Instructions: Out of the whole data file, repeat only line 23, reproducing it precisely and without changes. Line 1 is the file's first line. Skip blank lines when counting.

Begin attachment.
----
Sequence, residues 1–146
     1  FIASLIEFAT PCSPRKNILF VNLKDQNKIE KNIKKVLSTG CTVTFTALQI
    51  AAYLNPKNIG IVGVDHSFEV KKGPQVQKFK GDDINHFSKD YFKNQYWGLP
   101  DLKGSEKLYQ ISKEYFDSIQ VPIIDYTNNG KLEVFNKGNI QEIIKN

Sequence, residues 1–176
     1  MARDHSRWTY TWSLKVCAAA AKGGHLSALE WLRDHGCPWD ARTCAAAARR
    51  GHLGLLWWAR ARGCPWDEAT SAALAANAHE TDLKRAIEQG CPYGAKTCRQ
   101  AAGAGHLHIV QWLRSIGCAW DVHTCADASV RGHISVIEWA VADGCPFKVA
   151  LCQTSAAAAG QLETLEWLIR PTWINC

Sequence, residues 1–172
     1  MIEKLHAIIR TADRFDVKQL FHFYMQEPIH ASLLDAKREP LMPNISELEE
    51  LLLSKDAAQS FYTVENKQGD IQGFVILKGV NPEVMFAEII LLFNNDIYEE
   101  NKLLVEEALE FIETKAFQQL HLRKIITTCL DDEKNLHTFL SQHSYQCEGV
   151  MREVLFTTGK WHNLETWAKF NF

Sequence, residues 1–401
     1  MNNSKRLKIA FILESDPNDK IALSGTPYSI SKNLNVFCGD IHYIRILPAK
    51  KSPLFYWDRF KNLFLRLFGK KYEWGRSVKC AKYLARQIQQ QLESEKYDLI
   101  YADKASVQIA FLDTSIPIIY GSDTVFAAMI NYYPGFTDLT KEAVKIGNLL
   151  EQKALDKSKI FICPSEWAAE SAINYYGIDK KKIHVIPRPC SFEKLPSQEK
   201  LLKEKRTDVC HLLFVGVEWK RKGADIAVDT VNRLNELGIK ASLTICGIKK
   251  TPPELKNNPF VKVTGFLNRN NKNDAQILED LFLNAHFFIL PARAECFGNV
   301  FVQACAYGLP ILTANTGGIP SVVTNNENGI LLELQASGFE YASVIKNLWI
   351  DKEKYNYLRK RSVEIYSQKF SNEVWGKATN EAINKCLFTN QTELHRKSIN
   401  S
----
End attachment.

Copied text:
   351  DKEKYNYLRK RSVEIYSQKF SNEVWGKATN EAINKCLFTN QTELHRKSIN